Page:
In so holding, the court reasoned as follows (44 A.2d 785-786): "[The ordinance] . . . provides, as we have said, that the work shall be paid for by the householder to the scavenger at a price; such a price as the trustees shall fix. The work has been costing the municipality more than $75,000 per year; and the cost under the proposed method will be but little, if any, less than that. Certainly the aggregate of such moneys to be paid to and received by the scavenger will greatly exceed the sum of $1,000, which is the cost limit for contracting without public bidding. . . . Obviously, the village could not contract directly for the doing of the work without calling for bids. The proposed method is, we think, in violation of a public policy, implicit in these and other statutes, that public work exceeding a limited sum shall not be awarded except upon advertisement and to the lowest responsible bidder. The evils attendant upon an award without open bidding are not less under license than under direct contract. Splitting the total cost among the property-users by a system that leaves to them no choice but to incur and pay the expense does not alter the fact that in essence an award of public work at a price of many thousands of dollars is being made to a private contractor without competition in bidding." (Emphasis added.)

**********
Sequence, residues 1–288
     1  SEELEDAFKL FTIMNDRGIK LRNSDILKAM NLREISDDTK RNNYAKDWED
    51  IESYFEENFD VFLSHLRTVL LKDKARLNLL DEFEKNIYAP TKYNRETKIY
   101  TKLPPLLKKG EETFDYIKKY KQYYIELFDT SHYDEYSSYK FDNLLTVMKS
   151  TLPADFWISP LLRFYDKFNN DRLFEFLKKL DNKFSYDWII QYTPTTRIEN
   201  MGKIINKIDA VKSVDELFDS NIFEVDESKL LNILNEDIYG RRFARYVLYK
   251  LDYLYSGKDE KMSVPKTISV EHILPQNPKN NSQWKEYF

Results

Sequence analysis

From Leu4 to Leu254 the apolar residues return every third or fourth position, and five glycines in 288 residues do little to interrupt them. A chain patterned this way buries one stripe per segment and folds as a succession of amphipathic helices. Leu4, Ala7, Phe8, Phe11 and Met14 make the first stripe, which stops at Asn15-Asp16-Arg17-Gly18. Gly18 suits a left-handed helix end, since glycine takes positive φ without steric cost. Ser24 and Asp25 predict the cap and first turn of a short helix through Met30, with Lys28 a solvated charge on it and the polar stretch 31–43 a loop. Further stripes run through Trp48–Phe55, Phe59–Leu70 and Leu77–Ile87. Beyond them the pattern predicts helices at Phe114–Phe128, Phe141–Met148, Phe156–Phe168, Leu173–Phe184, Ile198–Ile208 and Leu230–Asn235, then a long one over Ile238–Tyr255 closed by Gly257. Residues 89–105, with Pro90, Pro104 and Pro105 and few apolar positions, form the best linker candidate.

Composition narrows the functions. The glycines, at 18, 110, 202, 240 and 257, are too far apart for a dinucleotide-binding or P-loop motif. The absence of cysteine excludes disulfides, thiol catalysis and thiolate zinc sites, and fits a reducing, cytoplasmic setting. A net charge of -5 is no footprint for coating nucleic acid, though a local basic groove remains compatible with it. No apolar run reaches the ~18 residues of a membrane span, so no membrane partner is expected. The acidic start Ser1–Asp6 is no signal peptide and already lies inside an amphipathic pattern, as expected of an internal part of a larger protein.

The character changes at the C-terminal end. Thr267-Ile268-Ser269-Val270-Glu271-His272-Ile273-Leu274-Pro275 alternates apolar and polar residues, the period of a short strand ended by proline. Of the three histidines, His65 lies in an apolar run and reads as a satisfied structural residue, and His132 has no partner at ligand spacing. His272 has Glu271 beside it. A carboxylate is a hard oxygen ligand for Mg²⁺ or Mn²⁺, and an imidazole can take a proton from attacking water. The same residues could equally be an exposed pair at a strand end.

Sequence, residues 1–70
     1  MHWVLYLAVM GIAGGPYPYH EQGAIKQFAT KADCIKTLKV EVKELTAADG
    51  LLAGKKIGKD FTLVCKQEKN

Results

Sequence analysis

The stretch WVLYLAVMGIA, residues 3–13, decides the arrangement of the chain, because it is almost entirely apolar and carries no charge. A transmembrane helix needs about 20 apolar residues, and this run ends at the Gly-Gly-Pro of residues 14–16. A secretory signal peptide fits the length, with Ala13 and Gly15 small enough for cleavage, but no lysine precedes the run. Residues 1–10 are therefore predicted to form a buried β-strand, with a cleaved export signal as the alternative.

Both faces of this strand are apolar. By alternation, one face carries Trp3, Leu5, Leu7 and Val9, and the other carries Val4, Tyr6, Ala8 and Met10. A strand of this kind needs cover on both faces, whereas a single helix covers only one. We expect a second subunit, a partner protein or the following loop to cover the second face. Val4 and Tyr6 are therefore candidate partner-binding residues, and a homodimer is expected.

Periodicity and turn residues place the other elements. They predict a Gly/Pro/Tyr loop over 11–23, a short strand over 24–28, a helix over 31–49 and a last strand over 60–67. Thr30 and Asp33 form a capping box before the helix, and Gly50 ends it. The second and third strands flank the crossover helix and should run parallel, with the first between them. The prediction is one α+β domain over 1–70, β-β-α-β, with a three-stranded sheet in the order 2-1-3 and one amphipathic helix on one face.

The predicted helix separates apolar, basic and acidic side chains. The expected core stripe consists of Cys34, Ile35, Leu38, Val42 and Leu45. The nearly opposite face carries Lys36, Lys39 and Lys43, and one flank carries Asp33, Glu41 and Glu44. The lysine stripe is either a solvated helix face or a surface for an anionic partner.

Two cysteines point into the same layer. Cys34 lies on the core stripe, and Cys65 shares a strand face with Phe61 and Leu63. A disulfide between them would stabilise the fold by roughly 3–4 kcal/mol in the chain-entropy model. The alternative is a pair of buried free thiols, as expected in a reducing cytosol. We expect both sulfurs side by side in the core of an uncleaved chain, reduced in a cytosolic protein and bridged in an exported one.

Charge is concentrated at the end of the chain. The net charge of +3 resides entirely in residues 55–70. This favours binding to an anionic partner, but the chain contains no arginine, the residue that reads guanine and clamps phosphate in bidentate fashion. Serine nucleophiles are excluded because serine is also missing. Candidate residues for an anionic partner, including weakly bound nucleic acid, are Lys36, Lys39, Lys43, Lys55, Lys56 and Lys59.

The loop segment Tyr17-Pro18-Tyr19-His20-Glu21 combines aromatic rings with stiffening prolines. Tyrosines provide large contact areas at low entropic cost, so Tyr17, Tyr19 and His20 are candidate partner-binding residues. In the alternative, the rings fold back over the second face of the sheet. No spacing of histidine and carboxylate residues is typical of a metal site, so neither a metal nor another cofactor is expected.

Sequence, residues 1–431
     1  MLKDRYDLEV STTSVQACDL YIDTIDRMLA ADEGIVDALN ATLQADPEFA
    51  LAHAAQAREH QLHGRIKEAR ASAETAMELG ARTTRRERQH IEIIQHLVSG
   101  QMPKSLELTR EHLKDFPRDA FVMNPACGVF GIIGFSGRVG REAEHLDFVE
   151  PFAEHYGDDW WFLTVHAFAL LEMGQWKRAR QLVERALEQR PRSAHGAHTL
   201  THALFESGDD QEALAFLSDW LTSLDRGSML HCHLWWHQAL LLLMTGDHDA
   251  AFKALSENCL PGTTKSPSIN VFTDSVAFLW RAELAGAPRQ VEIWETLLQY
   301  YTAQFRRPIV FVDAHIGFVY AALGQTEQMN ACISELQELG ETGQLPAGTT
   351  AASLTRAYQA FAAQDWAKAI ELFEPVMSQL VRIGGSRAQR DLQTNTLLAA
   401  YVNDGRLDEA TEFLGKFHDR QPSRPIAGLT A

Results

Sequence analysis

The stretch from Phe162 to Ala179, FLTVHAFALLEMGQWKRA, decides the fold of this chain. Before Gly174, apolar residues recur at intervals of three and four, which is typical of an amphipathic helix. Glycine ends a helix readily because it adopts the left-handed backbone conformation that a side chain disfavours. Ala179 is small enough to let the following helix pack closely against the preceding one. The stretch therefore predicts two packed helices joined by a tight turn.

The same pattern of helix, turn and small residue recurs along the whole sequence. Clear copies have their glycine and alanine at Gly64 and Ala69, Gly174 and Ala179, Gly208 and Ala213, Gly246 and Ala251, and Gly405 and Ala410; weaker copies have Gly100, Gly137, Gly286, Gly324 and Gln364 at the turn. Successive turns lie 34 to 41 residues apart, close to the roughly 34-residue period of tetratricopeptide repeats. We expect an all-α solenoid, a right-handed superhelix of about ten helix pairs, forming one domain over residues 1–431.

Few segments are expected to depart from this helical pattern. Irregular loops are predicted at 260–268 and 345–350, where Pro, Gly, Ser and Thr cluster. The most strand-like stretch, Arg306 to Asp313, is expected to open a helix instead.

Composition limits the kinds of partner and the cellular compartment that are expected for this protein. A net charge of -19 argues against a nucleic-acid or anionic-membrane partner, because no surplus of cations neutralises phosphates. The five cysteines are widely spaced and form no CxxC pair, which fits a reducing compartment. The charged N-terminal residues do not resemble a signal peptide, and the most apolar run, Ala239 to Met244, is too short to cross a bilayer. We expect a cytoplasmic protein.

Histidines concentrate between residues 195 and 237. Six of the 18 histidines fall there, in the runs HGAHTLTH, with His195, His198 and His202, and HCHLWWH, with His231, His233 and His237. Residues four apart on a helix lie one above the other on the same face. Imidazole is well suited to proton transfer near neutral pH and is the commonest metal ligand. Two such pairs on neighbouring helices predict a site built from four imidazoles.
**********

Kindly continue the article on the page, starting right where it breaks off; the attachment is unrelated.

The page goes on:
This reasoning accords with the purport of section 6515.5 of the Health and Safety Code, prescribing the procedure for the district's letting of a public works contract where the cost exceeds the basic amount of $2,500. The statute, in effect, authorized two methods for the district's handling of the work involved. The district might do the work itself or it might contract with someone else to do it. If the latter course were chosen, then where the expenditure involved was in excess of $2,500, no valid contract could be made unless the bids were publicly advertised as prescribed and unless the contract were let to the lowest responsible bidder. In such circumstances, the lowest responsible bidder would be the bidder who, on the basis of a uniform fee schedule, returned to the district the largest sum for the privilege granted by the district.